11 Tips for Better Digestion from Ayurvedic Medicine

Ayurvedic Medicine offers many easy and natural ways to improve your digestion. Ayurveda is the traditional system of medicine originally from India and now practiced worldwide both traditionally and in Integrative Medicine. Ayurveda is a Sanskrit term meaning the ‘Science of Perfect Health’ and literally translates as ‘Knowledge of Life’. Ayurveda seeks to bring us back into balance by providing guidelines for living in harmony with nature’s rhythms so that the underlying wisdom of the body can naturally promote the reestablishment of health and homeostasis. Ayurveda helps us move from disharmony, dysbiosis, and disease to harmony, homeostasis, and health.

Most Americans suffer from mild digestive disturbances such as constipation, gas, bloating, diarrhea, heartburn, and heaviness after eating, and many endure more serious conditions. Ayurvedic Medicine interprets the mild digestive disturbances as warning signs from the body that imbalance has begun and thus seeks to intervene at this very early stage of disease to prevent the manifestation of disease. Ayurveda offers simple remedies that are healthy lifestyle changes to be easily practiced at home. Ayurveda focuses on what food is eaten, when food is eaten, and how food is eaten.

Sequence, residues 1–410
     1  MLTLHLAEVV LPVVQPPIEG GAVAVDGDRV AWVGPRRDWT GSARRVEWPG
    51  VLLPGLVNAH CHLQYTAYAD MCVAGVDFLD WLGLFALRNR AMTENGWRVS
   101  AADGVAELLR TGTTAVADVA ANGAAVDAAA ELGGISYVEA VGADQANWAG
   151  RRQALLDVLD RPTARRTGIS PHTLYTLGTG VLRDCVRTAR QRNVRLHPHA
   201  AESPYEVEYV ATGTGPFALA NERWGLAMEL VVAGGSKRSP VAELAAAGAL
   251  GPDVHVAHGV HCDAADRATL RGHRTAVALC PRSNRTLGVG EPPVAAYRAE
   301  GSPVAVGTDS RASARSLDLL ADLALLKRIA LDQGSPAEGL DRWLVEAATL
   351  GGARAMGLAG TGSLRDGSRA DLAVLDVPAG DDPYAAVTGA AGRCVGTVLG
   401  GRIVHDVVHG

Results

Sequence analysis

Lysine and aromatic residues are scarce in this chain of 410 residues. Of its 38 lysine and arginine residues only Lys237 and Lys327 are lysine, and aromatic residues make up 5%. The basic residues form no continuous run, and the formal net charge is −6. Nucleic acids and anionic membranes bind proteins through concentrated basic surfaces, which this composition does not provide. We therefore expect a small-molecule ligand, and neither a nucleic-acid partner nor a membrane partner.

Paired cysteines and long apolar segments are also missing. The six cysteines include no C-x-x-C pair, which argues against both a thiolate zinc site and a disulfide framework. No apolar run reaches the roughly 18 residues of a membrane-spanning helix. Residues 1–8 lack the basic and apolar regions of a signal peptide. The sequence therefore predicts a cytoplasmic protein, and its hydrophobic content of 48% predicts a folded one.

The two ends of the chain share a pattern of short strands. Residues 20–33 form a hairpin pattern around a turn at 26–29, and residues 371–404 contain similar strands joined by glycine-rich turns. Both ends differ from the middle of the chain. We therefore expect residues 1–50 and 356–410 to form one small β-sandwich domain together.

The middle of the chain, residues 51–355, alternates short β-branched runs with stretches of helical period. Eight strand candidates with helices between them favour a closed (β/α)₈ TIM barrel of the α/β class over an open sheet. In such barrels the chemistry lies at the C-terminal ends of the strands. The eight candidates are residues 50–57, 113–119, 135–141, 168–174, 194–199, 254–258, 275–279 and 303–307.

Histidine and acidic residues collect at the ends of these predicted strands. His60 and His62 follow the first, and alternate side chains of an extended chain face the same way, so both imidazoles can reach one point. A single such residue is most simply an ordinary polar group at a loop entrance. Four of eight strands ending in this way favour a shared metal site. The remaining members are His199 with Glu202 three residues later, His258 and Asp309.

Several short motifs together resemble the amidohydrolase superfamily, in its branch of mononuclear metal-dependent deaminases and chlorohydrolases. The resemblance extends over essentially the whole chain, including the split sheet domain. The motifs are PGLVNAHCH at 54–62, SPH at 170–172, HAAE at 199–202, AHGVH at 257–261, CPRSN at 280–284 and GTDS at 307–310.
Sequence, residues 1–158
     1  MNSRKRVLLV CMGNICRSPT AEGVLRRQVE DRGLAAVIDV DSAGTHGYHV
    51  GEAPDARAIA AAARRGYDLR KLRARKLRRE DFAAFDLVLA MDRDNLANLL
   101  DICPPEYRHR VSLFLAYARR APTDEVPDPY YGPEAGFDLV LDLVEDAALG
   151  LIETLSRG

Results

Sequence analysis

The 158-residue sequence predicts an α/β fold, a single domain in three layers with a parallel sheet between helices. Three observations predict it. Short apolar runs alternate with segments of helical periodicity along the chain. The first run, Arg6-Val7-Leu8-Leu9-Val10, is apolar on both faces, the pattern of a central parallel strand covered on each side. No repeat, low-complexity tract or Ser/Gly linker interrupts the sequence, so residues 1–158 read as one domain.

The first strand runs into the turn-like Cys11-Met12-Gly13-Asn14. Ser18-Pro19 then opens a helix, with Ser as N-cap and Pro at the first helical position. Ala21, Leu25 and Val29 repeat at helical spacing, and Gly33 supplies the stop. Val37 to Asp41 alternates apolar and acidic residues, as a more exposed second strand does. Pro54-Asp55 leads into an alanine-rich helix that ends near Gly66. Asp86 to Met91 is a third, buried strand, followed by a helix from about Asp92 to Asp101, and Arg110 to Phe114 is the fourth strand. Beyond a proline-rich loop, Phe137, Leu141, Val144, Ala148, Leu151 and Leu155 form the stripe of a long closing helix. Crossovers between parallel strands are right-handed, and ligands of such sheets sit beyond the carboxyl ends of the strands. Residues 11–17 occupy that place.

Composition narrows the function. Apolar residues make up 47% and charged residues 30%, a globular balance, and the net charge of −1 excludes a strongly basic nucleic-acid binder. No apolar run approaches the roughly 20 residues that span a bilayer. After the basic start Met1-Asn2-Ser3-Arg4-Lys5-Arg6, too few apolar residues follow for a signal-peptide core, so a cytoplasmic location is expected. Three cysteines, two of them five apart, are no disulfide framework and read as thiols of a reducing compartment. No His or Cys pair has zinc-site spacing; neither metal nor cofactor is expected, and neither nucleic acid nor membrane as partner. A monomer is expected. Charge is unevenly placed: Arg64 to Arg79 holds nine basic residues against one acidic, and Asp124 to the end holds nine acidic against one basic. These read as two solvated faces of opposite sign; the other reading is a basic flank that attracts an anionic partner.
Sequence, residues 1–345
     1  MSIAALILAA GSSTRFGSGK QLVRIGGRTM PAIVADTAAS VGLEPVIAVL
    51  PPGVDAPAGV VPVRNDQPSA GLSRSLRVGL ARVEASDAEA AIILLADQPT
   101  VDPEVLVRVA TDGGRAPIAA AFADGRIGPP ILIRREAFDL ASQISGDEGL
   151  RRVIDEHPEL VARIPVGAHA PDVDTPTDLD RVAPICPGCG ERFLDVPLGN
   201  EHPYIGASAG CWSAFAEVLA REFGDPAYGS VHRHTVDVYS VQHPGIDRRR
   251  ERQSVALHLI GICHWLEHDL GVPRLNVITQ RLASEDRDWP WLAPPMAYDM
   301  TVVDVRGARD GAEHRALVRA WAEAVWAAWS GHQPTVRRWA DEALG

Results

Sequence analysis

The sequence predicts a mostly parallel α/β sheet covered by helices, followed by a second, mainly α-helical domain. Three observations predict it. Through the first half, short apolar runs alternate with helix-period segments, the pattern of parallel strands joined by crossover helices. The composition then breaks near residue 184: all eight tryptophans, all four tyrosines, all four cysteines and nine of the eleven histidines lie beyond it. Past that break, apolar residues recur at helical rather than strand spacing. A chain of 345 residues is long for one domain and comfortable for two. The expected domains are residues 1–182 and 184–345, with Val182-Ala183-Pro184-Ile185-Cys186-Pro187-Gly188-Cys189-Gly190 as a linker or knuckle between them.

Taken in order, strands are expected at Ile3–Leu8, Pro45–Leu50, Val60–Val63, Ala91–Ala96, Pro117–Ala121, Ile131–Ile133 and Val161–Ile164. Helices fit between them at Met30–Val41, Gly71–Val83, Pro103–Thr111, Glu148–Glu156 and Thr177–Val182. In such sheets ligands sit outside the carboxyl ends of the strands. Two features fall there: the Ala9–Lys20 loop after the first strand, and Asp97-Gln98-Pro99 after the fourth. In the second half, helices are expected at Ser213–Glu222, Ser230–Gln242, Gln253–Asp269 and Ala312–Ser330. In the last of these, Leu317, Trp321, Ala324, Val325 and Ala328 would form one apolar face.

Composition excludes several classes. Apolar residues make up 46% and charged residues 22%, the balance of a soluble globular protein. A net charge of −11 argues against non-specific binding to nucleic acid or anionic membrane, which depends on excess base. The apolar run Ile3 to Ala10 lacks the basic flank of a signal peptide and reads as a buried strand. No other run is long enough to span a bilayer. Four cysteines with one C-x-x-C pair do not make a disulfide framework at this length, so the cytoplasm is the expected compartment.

Both what we eat and what we actually digest are equally important. Those suffering from digestive disturbances are not obtaining the full benefit of the nutrients in the food that they are eating, new bodily tissues are built less strong and healthy, and undigested food particles can lead to inflammation and gut dysbiosis, which is an imbalance in the ratio of health-promoting bacteria to unbeneficial bacteria living in the gut. In terms of what you eat, care should also be taken to eat fresh, whole, and, if possible, organic foods. Importantly, how you eat also plays a key role in determining what you will digest and assimilate.